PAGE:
They had a brief resurgence between 2007 and 2008, when a Don Nelson took a squad led by Baron Davis, Monta Ellis and Stephen Jackson to the 2007 semifinals as an eight-seed. That playoff run featured one of the league’s greatest upsets (the Dallas squad they beat in the first round won 67 games) and this play from B-Deezy.

That next year, Golden State was legit, too. Baron, Jax and Ellis all averaged over 20 ppg (Baron, miraculously, played in all 82 games) and the team averaged 111 points – tops in the league. The squad won 48 games. No one wanted it with those cats in the first round…except, that was the first year, since the NBA’s modern expansion, that a conference fielded eight 50-win teams in the postseason. So GS’s season ended prematurely. That summer, Baron signed with the Clippers, Jax played in only 59 games the next season and, well, it was back to the sewers.

That’s when Riley copped Curry. It was a risky move at the time. Curry was an inexperienced point guard (moved to the position in his senior year), too small for two-guard and the product of Davidson, a mid-major (and that’s generous) in North Carolina. Steph wasn’t a can’t miss. Now, he looks like one of the “elites of the elite” and a franchise anchor on a contender. He was the first of the building blocks, even if his first few years were derailed by ankle injuries, poor coaching and an ill-fitted backcourt mate.

After whiffing on Ekpe Udoh in 2010 – drafted one pick ahead of Greg Monroe – Myers took over for Riley the next year and selected Thompson. Thompson, like Curry, had the pro-pops pedigree (Mychal, who won a title with the ’88 Lakers) but he was a low-key prospect out of Washington State. It was another keen move from the Warriors. And it’s almost unheard of for a team to draft three rookies that end up playing significant minutes on playoff team. Yet, that’s what Myers and the Warriors pulled off last June. Barnes and Green, in particular, are exactly the type of physical, tough wing players the Warriors needed to buttress the Curry-Klay firing squad. None of their 2012 draftmates are playing consequential ball, at this moment, which is telling.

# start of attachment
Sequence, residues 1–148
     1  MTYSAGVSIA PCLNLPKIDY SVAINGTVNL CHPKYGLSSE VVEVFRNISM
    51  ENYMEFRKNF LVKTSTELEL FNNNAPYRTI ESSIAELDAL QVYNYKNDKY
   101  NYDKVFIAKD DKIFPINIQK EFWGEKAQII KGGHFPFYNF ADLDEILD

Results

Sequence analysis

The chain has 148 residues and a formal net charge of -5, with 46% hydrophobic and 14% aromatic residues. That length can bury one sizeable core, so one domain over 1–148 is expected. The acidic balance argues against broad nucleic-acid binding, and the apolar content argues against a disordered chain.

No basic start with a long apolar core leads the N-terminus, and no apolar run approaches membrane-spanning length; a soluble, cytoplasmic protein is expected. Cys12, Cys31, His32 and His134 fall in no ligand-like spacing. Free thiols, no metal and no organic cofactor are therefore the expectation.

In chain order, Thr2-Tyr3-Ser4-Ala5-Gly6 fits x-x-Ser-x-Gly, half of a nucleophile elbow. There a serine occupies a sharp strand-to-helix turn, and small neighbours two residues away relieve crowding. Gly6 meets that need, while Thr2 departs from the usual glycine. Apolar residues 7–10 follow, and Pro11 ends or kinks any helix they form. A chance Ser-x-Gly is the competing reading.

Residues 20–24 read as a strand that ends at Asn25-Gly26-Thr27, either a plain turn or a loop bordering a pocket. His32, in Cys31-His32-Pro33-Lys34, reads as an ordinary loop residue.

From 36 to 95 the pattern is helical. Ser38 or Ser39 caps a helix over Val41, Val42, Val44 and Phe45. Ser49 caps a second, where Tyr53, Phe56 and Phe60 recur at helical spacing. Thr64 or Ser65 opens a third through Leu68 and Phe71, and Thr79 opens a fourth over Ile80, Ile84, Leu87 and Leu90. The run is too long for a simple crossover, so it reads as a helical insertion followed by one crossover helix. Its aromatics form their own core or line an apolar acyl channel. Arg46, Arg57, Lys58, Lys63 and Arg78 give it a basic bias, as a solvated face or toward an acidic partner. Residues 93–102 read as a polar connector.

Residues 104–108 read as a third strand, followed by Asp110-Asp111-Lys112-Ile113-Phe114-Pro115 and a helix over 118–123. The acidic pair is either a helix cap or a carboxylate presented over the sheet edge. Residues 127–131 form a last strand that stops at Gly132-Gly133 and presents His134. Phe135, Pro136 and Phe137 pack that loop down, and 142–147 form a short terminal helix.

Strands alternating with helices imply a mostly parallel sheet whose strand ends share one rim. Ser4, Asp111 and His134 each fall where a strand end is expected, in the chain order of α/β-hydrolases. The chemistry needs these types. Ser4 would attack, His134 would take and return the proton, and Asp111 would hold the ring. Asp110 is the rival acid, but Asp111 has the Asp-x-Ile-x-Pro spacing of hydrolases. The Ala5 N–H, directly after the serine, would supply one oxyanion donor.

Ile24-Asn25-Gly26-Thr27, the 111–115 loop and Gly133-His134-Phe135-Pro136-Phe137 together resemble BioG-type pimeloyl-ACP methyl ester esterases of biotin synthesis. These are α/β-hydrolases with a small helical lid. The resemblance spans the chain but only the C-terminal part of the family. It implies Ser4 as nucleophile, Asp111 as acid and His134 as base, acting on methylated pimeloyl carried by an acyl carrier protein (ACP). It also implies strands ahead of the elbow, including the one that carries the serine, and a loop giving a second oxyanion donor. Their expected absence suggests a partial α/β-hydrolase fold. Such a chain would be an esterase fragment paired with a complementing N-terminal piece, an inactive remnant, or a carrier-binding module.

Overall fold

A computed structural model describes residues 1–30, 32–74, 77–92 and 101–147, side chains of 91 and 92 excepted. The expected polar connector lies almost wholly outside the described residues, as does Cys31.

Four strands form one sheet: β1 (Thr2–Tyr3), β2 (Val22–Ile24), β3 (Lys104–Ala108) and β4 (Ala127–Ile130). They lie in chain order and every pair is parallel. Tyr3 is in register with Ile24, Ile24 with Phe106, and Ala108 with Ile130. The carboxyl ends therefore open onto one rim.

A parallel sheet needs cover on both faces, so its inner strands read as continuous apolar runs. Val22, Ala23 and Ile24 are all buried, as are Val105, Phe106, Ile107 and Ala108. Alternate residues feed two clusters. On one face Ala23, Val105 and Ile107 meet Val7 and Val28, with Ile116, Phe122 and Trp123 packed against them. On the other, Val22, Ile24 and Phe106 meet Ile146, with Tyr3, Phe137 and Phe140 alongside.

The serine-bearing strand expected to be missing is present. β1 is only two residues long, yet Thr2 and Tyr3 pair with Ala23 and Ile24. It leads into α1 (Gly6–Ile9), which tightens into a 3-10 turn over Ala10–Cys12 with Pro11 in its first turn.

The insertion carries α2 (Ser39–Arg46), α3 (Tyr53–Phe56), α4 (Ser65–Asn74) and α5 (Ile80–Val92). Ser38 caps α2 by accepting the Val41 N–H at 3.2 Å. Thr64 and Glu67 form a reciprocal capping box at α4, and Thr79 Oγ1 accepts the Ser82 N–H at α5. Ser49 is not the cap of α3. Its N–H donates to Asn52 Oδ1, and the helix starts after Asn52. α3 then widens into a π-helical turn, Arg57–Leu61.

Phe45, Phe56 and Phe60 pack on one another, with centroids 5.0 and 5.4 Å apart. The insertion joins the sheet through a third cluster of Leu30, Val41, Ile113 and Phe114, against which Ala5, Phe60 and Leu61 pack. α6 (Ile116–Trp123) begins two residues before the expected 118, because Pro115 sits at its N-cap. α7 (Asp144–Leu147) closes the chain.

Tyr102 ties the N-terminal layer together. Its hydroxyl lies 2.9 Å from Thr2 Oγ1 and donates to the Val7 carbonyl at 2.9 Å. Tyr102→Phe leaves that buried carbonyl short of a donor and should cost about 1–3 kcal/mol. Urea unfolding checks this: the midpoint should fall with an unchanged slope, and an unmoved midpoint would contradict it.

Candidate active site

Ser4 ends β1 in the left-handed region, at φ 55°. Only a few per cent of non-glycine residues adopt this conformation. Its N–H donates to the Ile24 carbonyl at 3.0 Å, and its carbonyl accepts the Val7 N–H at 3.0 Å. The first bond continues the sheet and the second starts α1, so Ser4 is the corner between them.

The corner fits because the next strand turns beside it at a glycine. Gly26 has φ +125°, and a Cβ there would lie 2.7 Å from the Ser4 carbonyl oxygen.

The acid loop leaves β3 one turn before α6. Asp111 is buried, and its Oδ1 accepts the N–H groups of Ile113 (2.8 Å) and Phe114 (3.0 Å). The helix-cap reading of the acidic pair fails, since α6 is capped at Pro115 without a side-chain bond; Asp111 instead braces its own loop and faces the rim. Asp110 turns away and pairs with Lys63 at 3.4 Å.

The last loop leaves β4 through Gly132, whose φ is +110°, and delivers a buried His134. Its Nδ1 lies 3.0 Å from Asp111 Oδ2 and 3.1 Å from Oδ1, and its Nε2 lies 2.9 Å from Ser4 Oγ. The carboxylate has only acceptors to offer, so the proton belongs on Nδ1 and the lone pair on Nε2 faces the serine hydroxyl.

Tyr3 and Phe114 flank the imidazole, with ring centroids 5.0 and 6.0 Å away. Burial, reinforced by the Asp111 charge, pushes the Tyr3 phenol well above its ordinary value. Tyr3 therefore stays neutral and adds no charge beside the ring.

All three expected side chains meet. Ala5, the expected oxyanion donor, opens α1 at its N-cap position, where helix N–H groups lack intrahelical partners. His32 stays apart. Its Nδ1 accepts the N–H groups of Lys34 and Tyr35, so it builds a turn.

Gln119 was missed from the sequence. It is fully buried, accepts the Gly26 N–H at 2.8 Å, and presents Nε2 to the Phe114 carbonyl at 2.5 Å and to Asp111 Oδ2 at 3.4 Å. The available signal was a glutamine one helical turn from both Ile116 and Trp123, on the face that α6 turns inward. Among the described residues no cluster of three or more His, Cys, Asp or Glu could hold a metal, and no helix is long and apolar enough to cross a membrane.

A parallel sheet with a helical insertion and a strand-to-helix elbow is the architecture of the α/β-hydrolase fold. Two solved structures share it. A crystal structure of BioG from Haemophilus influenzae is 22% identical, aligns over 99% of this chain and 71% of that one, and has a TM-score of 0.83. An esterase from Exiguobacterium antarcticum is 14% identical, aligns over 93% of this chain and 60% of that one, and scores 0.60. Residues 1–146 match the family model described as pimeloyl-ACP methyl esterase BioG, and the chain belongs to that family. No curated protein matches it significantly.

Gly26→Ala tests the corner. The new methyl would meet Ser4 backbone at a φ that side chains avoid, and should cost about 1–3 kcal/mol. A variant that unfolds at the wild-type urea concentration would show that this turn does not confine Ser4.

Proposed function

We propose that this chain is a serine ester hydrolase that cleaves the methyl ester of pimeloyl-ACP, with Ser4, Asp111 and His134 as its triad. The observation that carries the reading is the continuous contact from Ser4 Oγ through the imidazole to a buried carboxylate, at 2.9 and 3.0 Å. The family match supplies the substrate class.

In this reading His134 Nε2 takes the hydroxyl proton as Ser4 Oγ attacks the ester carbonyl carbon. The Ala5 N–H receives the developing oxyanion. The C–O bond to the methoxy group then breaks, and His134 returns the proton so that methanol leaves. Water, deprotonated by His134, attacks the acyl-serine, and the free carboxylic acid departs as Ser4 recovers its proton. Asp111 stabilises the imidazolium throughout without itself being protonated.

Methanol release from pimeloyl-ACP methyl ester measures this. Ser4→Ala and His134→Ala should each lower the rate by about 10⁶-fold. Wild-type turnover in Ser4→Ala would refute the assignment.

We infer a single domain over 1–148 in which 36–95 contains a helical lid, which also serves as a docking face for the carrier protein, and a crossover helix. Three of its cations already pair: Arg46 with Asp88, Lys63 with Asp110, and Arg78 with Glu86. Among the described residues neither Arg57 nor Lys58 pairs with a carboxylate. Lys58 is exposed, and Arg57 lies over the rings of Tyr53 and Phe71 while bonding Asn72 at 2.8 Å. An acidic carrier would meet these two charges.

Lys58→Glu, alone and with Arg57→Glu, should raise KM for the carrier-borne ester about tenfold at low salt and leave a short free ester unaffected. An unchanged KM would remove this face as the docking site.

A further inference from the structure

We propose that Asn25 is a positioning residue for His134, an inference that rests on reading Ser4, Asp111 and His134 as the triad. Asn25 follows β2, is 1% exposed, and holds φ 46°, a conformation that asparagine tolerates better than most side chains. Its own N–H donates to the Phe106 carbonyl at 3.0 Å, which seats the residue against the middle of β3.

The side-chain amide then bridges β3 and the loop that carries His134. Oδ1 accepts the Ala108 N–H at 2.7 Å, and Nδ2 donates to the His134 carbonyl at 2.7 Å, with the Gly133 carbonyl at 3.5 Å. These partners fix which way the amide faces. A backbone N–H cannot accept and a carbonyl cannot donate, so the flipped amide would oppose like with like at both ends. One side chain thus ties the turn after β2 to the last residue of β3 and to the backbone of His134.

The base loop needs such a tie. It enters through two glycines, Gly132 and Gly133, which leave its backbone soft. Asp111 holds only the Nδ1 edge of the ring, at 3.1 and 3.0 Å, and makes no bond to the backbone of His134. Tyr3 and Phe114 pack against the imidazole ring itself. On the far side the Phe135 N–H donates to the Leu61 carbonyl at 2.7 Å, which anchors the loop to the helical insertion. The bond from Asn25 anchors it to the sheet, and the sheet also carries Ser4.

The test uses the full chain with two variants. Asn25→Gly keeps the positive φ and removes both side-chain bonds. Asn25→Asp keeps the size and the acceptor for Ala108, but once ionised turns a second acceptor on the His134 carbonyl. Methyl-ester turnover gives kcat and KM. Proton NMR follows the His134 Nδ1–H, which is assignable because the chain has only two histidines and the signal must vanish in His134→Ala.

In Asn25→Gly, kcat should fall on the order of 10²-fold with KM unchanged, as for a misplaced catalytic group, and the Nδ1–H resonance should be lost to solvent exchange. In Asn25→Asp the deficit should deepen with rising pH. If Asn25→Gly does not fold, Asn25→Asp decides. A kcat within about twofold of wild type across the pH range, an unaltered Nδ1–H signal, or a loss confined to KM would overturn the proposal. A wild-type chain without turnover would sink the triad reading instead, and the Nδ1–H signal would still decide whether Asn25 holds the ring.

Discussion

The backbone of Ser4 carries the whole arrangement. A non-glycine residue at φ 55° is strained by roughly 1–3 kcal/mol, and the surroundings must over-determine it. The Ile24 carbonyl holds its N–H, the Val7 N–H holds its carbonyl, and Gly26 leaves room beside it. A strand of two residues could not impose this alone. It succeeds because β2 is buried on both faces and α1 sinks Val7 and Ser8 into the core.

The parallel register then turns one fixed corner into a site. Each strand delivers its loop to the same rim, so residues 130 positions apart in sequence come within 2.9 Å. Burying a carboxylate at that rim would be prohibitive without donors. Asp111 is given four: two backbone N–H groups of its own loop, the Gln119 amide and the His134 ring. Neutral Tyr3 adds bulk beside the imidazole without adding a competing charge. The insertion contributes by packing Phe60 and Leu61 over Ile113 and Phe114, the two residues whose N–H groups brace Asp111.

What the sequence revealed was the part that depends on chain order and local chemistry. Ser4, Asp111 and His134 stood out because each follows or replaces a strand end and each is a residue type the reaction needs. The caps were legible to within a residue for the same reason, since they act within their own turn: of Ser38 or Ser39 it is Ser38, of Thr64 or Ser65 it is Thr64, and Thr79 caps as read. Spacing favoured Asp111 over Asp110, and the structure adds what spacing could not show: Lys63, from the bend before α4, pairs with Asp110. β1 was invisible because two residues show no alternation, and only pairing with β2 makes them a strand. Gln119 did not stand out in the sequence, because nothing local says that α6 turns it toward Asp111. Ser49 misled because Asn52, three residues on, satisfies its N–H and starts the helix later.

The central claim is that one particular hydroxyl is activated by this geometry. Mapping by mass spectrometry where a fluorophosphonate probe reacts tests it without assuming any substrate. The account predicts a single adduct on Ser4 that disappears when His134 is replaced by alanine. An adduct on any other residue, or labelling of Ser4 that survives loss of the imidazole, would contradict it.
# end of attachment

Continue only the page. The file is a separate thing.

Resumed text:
Nailing drafts? That ish ain’t easy. Ask the Toronto Raptors of late. Or look at the Timberwolves. In the same draft that Golden State snagged Curry, Minnesota had three first round picks and bungled that affair in a historic way (drafting Jonny Flynn, giving up Ty Lawson).

The hard part isn’t over. Golden State capitalized on Curry arriving on the All-Word stage a year after his first extension. So, his four-year, $44 million extension is, contextually, on the cheap. In a few offseasons though, they will face the same circumstances that forced OKC into a panic trade with Houston, sending James Harden to the Rockets. Warriors owner Joe Lacob is one of the richest owners in the league and the Bay area is one of the most moneyed regions in the country, but keeping this crew together won’t happen without some ultra-deft decision-making, cap-manipulating and personnel-maneuvering.

Let’s stay in the moment, though. We can appreciate – even marvel, in a way – what we’re watching. A Similac-squad, full of players that rocked a Warriors cap on draft night, marching through the playoffs. Show ‘em how to do it, Oaktown.